We’re making coronavirus coverage available without a subscription as a public service. We depend on the support of readers to produce journalism like this every day. Help us do this work - subscribe now. You can find the rest of our coverage of the novel coronavirus here.
The April 7 election is moving forward, and ballots were sent out Tuesday.
But as “social distancing” becomes cemented in the American vernacular in response to the coronavirus, Anchorage politicians seeking seats on the Assembly are finding it wise to separate themselves physically from voters.
“Personally, I have just pulled back,” said Assemblywoman Austin Quinn-Davidson, who’s seeking reelection to her West Anchorage seat.
Quinn-Davidson said the pressing city issues of three weeks ago have been overshadowed by the coronavirus, of which there were 12 confirmed cases in Alaska on Thursday night.
Because of federal guidelines dissuading gatherings of 10 or more people, political rallies and in-person fundraisers for Anchorage Assembly candidates have ceased. Quinn-Davidson said she stopped passing out campaign literature recently after a neighbor suggested it.
"I don’t know that people want to hear from campaigns right now,” she said.
The top fundraisers in competitive races said they have slowed campaigning, either by default as events were canceled, or because constituents are less worried about the issues they were passionate about a month ago.
“Top of mind is the coronavirus, and top of mind is ‘my hours just got reduced significantly’ or ‘I just got laid off,’” said Assemblyman Felix Rivera, who’s defending his Midtown seat.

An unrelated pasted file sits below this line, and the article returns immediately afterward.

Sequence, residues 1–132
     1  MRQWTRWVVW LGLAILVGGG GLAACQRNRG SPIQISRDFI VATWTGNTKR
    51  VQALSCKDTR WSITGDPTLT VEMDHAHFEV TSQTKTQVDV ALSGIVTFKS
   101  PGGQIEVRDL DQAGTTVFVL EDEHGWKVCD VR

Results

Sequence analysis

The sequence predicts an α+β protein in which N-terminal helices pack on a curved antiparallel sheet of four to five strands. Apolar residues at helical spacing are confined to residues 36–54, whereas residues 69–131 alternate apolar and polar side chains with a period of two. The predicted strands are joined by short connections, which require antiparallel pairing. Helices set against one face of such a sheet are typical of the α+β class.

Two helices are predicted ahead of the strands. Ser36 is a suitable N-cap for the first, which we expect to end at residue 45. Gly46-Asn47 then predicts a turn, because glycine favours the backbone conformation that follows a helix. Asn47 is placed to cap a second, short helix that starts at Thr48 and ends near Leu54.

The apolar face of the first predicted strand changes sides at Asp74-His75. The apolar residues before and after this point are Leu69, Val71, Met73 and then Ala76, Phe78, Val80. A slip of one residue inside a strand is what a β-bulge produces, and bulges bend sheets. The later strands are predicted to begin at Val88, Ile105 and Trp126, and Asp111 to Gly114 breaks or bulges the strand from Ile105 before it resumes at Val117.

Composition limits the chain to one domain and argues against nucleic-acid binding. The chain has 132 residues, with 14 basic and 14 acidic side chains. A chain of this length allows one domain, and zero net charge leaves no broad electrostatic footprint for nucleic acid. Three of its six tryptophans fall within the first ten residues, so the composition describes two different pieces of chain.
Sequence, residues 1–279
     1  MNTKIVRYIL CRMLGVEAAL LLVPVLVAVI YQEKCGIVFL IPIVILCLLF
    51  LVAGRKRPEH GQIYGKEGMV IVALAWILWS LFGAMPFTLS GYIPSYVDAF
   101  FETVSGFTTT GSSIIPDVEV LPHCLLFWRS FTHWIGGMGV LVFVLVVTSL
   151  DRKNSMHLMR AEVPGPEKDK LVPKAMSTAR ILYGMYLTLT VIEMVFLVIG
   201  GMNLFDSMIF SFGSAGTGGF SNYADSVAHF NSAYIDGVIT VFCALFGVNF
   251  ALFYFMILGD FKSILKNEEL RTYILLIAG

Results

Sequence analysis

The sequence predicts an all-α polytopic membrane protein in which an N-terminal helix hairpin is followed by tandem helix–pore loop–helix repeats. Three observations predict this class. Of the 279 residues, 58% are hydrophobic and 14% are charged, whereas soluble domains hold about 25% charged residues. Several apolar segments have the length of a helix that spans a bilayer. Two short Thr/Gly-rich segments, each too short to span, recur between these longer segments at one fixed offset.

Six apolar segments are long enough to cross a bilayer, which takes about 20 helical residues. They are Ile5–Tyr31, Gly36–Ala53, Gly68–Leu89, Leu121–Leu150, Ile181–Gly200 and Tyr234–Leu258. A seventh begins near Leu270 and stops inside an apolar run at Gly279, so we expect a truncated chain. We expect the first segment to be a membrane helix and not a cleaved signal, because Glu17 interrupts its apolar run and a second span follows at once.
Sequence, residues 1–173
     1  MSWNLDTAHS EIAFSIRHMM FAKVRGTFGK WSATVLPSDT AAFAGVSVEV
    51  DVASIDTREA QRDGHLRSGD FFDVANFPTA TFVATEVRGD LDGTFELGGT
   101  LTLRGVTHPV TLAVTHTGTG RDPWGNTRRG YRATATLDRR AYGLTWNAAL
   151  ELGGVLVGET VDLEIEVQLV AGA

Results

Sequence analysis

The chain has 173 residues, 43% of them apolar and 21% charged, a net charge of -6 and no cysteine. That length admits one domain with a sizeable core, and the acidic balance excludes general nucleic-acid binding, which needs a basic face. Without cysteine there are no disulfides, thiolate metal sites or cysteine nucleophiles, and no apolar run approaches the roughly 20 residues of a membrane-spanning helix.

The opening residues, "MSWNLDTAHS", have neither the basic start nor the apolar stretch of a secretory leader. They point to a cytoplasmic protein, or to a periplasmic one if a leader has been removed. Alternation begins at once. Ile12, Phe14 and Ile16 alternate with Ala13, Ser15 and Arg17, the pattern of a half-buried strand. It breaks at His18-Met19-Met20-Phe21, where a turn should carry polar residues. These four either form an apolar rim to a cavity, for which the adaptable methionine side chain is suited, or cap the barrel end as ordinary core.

His challenger, Christine Hill, is still campaigning, but her main focus now is helping the community, she said. She wants to find ways to help small businesses reeling from orders by the mayor and governor to restrict bars and restaurants.
“Certainly I want to be elected, but more importantly I want to hear what the people and residents of Anchorage think,” she said.
At first, she was “full speed ahead” on her campaign, and to date has raised more than $35,000. But recently, she canceled fundraisers.
“Yeah, I’m not full speed ahead," she said. "I am more focused on helping people now in whatever way I can, and I want to know what their concerns are, for if or when I’m elected.”
Rivera has also changed his fundraising model, from in-person to virtual. On Wednesday night, he and the other Assembly incumbents — Chris Constant, Pete Petersen, Quinn-Davidson and Suzanne LaFrance — had a fundraiser planned at Mayor Ethan Berkowitz’s home.
Together, they hoped to raise $10,000. Then they moved to a virtual fundraiser on Facebook and cut the goal in half. But at 5 p.m., they had raised $6,500, and he estimated they would finish the night with $8,000.
“We made almost the same amount we would have for an in-person event," he said.
Rivera has also moved in-person coffee meetings to town hall-style events on Facebook Live. Overall, he’s “slowed down tremendously,” he said.
He’s reconsidering dropping campaign material on people’s doorsteps, because much is not known about how long the virus can live on surfaces. (The federal Centers for Disease Control and Prevention now says the virus “may remain viable for hours to days on surfaces made from a variety of materials.”)